There have been plenty of high-profile instances of the consequences when someone falsifies a résumé. Here are two well-known examples: Patrick Couwenberg, former Los Angeles Superior Court Justice whose entire résumé bore little resemblance to “the truth, the whole truth, and nothing but the truth.” He lied about his undergraduate and graduate education, military service (including a Purple Heart), and “secret agent” work experience for the CIA. When the truth came out, Mr. Couwenberg was removed from the bench after four years and extensive public hearings.
Another example is Scott Thompson, former CEO of Yahoo and Paypal, who stepped down after a Yahoo shareholder exposed his bogus claim that he had a degree in computer science. High-level executives like these may believe they are beyond scrutiny.
To the job seeker, these examples should warn of the potential pitfalls of résumé lies. If judges and CEOs cannot hide from their résumé exaggerations and falsehoods, the average job seeker has little chance.
As the economy soured and the job market dried up in 2008, résumé fraud grew. Statistics are not easy to come by because few people closely scrutinize résumés for discrepancies, but payroll processor and background checking giant ADP found inconsistencies in 46% of résumés, Kroll Background America, Inc. found issues with 22% of the tech-industry résumés they screened, and executive search firm CTPartners found that 64-71% of résumés contained misrepresentations.
Whatever the number, résumé fraud—from minor embellishments to dangerous lies—is thriving. There are even Internet-based companies that will provide phony references for less than a prospective employee’s first paycheck. That’s not a bad return on investment for someone lacking morals looking to get hired at any cost.
You can employ proper internal controls and processes to protect your organization. Here are two processes that will help your organization increase the likelihood of making quality hires.
The first step in the process is to analyze the candidate’s résumé and other submitted documentation. It can be a difficult attitude to take, but hiring personnel need to be skeptical and suspicious. Look for these red flags when you review a candidate’s material:
- Suspicious dates:
- Stretching dates of employment, for example, to cover up an extended stint of unemployment or jail time.
- Omitting an episode of past employment, especially if he or she left under unfavorable circumstances.
- Suspicious Credentials:
- Inflating credentials and past accomplishments like advanced degrees, military service, awards, community service, job titles, and job responsibilities. Faked credentials are easier than ever to make and flaunt with basic software and printers, but they are still fake.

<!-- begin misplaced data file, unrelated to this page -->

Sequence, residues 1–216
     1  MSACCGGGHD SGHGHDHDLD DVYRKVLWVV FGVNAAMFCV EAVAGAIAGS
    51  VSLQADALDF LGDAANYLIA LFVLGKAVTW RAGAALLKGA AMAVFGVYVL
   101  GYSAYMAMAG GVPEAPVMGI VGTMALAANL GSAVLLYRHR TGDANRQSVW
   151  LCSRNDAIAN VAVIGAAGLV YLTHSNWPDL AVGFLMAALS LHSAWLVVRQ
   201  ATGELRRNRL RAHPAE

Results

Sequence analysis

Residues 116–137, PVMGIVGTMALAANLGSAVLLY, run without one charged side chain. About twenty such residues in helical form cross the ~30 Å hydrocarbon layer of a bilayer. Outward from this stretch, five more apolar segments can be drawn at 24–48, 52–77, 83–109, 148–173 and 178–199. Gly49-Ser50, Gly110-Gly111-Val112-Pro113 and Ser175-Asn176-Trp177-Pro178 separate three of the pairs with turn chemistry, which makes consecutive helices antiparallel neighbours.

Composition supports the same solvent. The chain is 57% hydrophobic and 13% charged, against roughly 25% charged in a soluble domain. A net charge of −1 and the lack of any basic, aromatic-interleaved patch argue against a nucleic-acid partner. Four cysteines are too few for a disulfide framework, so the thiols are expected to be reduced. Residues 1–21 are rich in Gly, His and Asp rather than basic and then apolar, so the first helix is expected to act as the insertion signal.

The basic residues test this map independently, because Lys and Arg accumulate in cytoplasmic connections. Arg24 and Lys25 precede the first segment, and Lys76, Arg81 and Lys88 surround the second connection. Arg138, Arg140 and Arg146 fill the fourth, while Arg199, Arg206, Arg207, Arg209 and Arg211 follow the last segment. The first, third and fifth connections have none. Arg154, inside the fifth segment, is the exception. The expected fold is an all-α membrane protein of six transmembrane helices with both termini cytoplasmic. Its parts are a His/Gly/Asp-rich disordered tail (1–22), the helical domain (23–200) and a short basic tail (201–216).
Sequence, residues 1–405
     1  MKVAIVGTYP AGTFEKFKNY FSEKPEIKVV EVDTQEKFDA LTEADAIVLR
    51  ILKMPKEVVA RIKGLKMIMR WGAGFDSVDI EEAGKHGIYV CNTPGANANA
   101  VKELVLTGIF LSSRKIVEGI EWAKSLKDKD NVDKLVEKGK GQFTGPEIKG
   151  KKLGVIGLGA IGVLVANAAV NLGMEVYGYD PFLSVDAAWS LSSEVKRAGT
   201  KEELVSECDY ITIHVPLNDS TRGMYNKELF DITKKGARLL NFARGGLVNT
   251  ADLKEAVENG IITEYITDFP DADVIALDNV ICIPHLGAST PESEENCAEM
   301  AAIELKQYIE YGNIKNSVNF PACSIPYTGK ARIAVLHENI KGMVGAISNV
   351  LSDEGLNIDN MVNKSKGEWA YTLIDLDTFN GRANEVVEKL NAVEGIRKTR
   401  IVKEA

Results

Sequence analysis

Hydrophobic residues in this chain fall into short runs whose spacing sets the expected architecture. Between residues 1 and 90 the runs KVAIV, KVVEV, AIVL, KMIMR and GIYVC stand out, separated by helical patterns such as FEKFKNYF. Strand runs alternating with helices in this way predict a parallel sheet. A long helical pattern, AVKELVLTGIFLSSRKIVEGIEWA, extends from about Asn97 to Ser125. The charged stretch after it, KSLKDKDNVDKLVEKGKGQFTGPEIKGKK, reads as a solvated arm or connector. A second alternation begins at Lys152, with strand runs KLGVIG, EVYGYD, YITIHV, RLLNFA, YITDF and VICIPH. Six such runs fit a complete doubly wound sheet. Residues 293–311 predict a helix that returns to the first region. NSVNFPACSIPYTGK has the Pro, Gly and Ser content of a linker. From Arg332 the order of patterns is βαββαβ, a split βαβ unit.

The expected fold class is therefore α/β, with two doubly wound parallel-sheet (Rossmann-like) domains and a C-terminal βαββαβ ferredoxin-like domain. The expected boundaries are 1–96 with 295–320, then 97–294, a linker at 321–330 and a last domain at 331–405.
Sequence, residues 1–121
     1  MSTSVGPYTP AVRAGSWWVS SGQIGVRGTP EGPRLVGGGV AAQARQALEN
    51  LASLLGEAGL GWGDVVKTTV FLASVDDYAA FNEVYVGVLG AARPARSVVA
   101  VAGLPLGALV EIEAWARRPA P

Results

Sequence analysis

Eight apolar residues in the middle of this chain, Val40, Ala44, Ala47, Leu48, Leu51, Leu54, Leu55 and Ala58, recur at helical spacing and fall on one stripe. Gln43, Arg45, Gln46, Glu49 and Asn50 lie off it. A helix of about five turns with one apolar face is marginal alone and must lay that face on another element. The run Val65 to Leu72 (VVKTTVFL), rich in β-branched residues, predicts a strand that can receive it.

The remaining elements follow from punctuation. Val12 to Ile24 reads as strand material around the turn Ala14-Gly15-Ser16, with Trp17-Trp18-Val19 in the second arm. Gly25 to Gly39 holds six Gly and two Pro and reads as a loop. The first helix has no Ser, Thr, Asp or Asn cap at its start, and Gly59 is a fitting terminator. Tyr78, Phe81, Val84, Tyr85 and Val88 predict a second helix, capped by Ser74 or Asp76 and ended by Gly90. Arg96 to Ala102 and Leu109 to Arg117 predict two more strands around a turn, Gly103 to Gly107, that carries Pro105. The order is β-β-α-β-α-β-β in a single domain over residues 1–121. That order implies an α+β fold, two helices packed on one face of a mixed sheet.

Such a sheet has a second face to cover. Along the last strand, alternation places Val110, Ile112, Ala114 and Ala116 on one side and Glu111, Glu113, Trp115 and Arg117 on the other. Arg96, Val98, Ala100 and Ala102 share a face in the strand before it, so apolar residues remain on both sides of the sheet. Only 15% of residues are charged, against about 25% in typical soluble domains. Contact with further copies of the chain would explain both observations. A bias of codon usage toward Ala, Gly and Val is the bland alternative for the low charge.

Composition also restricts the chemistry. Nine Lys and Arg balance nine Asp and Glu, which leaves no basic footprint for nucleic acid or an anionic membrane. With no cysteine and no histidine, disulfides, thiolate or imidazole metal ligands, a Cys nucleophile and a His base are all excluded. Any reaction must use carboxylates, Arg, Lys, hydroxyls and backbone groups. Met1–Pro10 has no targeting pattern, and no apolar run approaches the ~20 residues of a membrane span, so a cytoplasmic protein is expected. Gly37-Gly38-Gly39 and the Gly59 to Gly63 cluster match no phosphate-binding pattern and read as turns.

- Falsifying references by intentionally providing incorrect contact information, such as: “She doesn’t work there anymore. I heard she moved to South America.”
- Suspicious Claims:
- Self-acclamations like “world class leader” and “pioneer” may sound great on paper, but should be interpreted with extreme skepticism.
- Lack of details can be attempts to mask lack of experience. For example, “ten years in the financial services industry” could describe the janitor of the local credit union.
Only the candidates that have cleared this phase of review should enter into the next phase of reducing Hiring and HR fraud: Verification.
Résumé lies may not be a crime, but their existence speaks volumes to someone’s character and integrity. Like other types of fraud, résumé fraud starts small but when small infractions go undetected, these little lies build momentum, which leads to bigger lies and the proverbial slippery slope. The best approach is to vet all finalists for a position, paying attention to all discrepancies, large and small. A small lie on an entry-level position résumé can become a reputation damaging lie in the future. Here are 9 verification tips that will help you screen out fraudulent candidates:
- At minimum, make every offer of employment contingent on the results of a background check.
- For finance positions, consider adding a credit check. Do a credit check at hire and every couple of years thereafter. Financial stress is one of the key risk factors for embezzlement and fraud. Do you want someone to manage your finances if she can’t manage her own?
- Check credentials online using state licensing body websites for anyone who claims to hold a license, even if it is not relevant to the position.
- Check the National Student Clearinghouse for college and university degrees.
- Check the National Sex Offender registry database, especially if your organization services children or the elderly.
- Call references, but not necessarily the ones the candidate provides. Ask open ended questions and compare the responses to claims on the candidate’s résumé and from in-person interviews.
- Do the same checks on temporary employees, even if they come through an agency.
- Establish a “no tolerance” policy with job candidates as well as established employees. This type of policy sends a strong message that your company values character and integrity. You should enforce it consistently to keep you on level ground and off the slippery slope.
- Always consult an employment law attorney before you adopt new policies and processes.
This checklist provides additional verification and areas of analysis:
Any “no” response may be a red flag and should be closely evaluated.